Les Misérables by Victor Hugo,
Volume 2, Book Sixth, Chapter 3
One is a postulant for two years at least, often for four; a novice for four. It is rare that the definitive vows can be pronounced earlier than the age of twenty-three or twenty-four years. The Bernardines-Benedictines of Martin Verga do not admit widows to their order.
In their cells, they deliver themselves up to many unknown macerations, of which they must never speak.
On the day when a novice makes her profession, she is dressed in her handsomest attire, she is crowned with white roses, her hair is brushed until it shines, and curled. Then she prostrates herself; a great black veil is thrown over her, and the office for the dead is sung. Then the nuns separate into two files; one file passes close to her, saying in plaintive accents, "Our sister is dead"; and the other file responds in a voice of ecstasy, "Our sister is alive in Jesus Christ!"
At the epoch when this story takes place, a boarding-school was attached to the convent – a boarding-school for young girls of noble and mostly wealthy families, among whom could be remarked Mademoiselle de Saint-Aulaire and de Belissen, and an English girl bearing the illustrious Catholic name of Talbot. These young girls, reared by these nuns between four walls, grew up with a horror of the world and of the age. One of them said to us one day, "The sight of the street pavement made me shudder from head to foot." They were dressed in blue, with a white cap and a Holy Spirit of silver gilt or of copper on their breast. On certain grand festival days, particularly Saint Martha's day, they were permitted, as a high favor and a supreme happiness, to dress themselves as nuns and to carry out the offices and practice of Saint-Benoit for a whole day. In the early days the nuns were in the habit of lending them their black garments. This seemed profane, and the prioress forbade it. Only the novices were permitted to lend. It is remarkable that these performances, tolerated and encouraged, no doubt, in the convent out of a secret spirit of proselytism and in order to give these children a foretaste of the holy habit, were a genuine happiness and a real recreation for the scholars. They simply amused themselves with it. It was new; it gave them a change. Candid reasons of childhood, which do not, however, succeed in making us worldlings comprehend the felicity of holding a holy water sprinkler in one's hand and standing for hours together singing hard enough for four in front of a reading-desk.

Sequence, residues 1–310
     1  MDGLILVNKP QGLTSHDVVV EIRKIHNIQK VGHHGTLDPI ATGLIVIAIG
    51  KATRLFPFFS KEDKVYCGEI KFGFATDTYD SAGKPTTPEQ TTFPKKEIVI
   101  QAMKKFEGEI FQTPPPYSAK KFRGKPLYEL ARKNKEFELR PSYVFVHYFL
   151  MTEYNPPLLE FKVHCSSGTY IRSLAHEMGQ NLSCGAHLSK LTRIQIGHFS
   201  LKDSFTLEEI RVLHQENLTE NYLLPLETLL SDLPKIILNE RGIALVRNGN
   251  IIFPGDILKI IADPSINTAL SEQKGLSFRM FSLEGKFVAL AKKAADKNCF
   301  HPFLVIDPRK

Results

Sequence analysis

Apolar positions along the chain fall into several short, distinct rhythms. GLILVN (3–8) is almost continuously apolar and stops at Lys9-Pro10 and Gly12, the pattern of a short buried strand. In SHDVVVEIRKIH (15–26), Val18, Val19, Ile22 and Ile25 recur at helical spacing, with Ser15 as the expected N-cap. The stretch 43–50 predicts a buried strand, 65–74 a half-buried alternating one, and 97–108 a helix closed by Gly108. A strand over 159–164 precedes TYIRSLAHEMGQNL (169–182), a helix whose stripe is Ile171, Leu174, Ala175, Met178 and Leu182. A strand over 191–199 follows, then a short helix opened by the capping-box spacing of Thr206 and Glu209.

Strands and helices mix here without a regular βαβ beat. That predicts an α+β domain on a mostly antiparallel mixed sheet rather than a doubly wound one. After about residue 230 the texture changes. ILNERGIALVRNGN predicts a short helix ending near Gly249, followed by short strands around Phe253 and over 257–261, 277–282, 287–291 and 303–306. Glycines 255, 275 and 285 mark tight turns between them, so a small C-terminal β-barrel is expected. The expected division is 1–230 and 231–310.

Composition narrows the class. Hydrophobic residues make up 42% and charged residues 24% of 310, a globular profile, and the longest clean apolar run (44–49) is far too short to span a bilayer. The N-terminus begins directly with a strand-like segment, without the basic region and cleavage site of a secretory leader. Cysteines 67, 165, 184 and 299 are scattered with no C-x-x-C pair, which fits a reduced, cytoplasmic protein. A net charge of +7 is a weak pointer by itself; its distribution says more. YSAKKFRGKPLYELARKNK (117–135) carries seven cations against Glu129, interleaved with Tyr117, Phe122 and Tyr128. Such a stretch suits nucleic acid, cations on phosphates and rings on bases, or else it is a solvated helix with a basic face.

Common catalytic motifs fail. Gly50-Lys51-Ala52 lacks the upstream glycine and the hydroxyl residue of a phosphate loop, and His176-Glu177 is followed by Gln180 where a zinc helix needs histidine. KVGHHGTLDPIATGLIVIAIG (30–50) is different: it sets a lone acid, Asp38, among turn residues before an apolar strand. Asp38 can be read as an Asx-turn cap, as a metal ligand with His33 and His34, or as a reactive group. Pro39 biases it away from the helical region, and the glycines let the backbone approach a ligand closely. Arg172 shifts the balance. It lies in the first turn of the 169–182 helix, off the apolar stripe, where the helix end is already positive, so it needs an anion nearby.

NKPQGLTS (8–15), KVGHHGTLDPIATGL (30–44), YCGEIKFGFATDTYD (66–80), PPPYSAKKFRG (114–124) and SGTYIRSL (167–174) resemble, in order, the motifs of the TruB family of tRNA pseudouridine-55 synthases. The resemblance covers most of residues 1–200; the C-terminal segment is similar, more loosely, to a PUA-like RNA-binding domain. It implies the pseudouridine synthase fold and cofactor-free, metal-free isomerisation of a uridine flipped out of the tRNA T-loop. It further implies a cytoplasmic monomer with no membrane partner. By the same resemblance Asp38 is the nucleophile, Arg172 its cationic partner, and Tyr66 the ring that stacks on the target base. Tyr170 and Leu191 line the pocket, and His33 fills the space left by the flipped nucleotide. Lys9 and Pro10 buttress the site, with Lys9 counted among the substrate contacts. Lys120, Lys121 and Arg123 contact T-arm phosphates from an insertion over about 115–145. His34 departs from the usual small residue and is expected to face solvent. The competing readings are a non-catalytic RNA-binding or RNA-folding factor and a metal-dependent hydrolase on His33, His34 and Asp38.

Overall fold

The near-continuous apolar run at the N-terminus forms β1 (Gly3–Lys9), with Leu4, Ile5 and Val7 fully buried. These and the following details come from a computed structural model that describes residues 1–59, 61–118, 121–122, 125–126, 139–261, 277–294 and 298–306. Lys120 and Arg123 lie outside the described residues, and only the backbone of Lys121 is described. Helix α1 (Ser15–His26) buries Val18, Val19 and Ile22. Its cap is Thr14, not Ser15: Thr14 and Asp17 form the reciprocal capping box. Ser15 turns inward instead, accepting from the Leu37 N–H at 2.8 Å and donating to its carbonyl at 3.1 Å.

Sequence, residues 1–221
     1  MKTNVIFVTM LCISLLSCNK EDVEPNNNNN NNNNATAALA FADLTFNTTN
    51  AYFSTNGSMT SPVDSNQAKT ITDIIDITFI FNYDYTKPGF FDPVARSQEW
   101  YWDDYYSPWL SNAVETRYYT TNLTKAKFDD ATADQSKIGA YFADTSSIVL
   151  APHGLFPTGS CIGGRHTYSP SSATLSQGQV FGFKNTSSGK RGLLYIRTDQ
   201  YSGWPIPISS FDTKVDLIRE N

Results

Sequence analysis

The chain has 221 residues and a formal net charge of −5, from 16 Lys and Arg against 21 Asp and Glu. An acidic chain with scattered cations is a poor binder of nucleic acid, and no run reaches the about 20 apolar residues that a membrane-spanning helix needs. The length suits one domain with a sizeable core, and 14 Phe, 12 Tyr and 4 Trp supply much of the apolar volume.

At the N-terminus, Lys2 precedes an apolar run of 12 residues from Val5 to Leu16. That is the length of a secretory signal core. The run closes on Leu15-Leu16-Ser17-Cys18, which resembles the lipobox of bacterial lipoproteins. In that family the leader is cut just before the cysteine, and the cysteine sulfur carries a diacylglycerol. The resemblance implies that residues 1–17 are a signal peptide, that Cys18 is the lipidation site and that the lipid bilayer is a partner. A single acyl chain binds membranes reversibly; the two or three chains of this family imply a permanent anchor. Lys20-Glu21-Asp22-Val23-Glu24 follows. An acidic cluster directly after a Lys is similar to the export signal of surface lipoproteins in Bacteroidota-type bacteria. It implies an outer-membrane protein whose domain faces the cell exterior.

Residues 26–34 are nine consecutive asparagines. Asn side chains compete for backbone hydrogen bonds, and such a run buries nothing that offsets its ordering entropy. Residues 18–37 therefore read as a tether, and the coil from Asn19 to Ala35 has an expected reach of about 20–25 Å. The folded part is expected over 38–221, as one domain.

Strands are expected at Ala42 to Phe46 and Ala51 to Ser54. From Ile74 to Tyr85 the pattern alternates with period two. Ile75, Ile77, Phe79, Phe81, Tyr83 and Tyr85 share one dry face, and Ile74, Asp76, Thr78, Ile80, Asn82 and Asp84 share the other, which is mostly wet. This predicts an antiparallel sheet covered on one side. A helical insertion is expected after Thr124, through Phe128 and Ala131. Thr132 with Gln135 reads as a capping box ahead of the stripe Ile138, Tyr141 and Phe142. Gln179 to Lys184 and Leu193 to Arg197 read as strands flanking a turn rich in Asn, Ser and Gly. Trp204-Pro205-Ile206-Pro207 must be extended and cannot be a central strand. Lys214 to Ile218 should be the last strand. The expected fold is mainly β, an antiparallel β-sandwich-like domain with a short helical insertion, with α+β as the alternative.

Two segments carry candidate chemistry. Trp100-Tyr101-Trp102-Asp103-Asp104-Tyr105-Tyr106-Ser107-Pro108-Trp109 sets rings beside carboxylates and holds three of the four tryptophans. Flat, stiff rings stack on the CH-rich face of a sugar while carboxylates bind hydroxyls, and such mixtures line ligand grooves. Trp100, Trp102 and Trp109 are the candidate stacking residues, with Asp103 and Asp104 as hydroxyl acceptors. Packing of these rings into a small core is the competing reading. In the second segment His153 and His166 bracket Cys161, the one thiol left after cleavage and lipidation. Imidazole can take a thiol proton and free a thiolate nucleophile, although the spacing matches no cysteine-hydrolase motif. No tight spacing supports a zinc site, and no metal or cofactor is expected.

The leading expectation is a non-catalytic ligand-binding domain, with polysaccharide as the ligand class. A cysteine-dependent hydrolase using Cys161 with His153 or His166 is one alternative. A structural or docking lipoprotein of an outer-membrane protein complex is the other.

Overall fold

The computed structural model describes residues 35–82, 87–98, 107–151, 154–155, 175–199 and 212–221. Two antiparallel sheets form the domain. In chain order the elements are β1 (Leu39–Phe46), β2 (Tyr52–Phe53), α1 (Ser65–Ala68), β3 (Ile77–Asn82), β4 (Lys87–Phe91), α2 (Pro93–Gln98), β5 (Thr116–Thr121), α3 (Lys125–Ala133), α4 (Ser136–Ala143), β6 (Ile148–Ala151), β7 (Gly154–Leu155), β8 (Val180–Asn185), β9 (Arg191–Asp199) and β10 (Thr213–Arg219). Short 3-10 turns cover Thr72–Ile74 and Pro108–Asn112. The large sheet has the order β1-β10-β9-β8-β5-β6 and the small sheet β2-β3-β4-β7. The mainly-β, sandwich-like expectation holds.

The pupils conformed, with the exception of the austerities, to all the practices of the convent. There was a certain young woman who entered the world, and who after many years of married life had not succeeded in breaking herself of the habit of saying in great haste whenever any one knocked at her door, "forever!" Like the nuns, the pupils saw their relatives only in the parlor. Their very mothers did not obtain permission to embrace them. The following illustrates to what a degree severity on that point was carried. One day a young girl received a visit from her mother, who was accompanied by a little sister three years of age. The young girl wept, for she wished greatly to embrace her sister. Impossible. She begged that, at least, the child might be permitted to pass her little hand through the bars so that she could kiss it. This was almost indignantly refused.